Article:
Ana Ratanaphruks Skip to content

Perspective | STEM Scholars Program: Narrowing the computer science gap

Roughly 600 of North Carolina’s high schools offer Advanced Placement (AP) classes, but only 148 of those schools offered an AP computer science course in 2018-19.

In 2019, only 4,525 exams were taken in AP computer science by high school students. There are fewer AP exams taken in computer science than any other STEM subject area.

As the world seeks more and more computer science experts, it’s crucial that North Carolina finds a way to serve its students through a computer science education – especially in high school. This is important because high school students who take an AP computer science course are six times more likely to seek a computer science major than their peers, and women specifically are 10 times more likely.

Although many schools would love to offer advanced computer science courses, or computer science courses in general for that matter, school administrators report that there is a lack of funds for hiring and training teachers. In a Google/Gallup survey, 69% of North Carolina principals surveyed think computer science is just as or more important than the currently required core classes. Many administrators support expanding computer science within their schools, but they cannot due to lack of resources.

Therein lies the problem. How can schools and students gain access to advanced computer science and other STEM courses?

I have a solution to share: The North Carolina School of Science and Mathematics (NCSSM) STEM Scholars program.

STEM Scholars

The STEM Scholars program is a partnership between NCSSM and interested North Carolina public schools for a two-year, cost-free cohort program that offers computer science and STEM elective courses for students in ninth and 10th grade.

These courses are designed to better prepare students in small rural schools, particularly students who are historically underrepresented in STEM fields, for the opportunities they will have in the future.

Students participating in the STEM Scholars program are selected by their local schools. Each school participating in the program is committed to enrolling at least four students. The courses in the program are offered through Interactive Video Conferencing (IVC). This allows for students to interact with the NCSSM instructor and their classmates in real-time just like a face-to-face classroom.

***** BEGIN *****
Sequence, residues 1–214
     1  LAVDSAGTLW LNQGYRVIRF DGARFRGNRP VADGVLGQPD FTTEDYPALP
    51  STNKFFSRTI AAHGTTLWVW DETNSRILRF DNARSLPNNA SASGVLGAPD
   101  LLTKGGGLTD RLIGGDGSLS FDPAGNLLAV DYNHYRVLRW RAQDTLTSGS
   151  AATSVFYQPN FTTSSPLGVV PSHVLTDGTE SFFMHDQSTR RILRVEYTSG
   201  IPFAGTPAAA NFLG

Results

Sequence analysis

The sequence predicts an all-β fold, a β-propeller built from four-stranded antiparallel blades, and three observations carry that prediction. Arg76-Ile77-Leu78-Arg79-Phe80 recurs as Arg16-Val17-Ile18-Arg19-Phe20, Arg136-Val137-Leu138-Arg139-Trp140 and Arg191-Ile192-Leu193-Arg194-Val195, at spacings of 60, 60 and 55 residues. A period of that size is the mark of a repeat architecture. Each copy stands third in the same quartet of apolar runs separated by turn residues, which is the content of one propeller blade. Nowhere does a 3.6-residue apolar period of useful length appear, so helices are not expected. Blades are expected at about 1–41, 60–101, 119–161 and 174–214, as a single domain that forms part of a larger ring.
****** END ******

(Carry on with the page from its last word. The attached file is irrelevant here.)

With the two-way video conferencing, students from schools across the state can collaborate in project teams and whole-class discussion while developing the skills for the real-world. NCSSM instructors monitor the class in real time, assessing student learning and ensuring that students engage with the course materials and with each other.

Two-way video conferencing, STEM Scholars program. Courtesy of NCSSM

The program begins in the spring semester of the student’s freshman year where they enroll in honors computer science and computational thinking. In 10th grade, students select at least one of the following courses: honors intro to artificial intelligence, honors global public health & infectious disease, honors connected computing, and honors creative design for the web.

After completing the 10th grade course, students are considered graduates of the STEM Scholars program and receive a certificate, a featured picture on the NCSSM website, and are eligible for a voucher to attend a NCSSM Summer Accelerator course free of cost.

Summer Accelerator is a summer program offering courses that each last three weeks. The first two weeks are a self-paced online experience, and during the third week, students get to interact with their instructor.

As students complete their sophomore year of high school, they can apply to participate in the residential or online programs at NCSSM. However, they can also continue their STEM studies at NCSSM by participating in additional distance education courses.

STEM Scholars is an amazing way for high school students from historically underrepresented populations to dive into the world of STEM and start their journey in computer science. To learn more about the program, click here.

I encourage you to share this opportunity with people you know. By doing this, you are helping narrow the gap in STEM Education in North Carolina.

If you have other questions or are a public NC high school interested in beginning a partnership, contact Ms. Camilla Brothers, Outreach and Partnership Manager, by email at or by phone at 919-416-2658.

Ana Ratanaphruks

Ana Ratanaphruks is a recent graduate of Wake STEM Early College High School located in Raleigh, NC and the North Carolina School of Science and Mathematics’ Online program. This fall, she will be an incoming first year at the engineering school at Columbia University. Ana loves all things STEM and dreams of changing the world through STEM education and educational advocacy. This summer, she has spent her time volunteering for the NCSSM STEM Scholars program.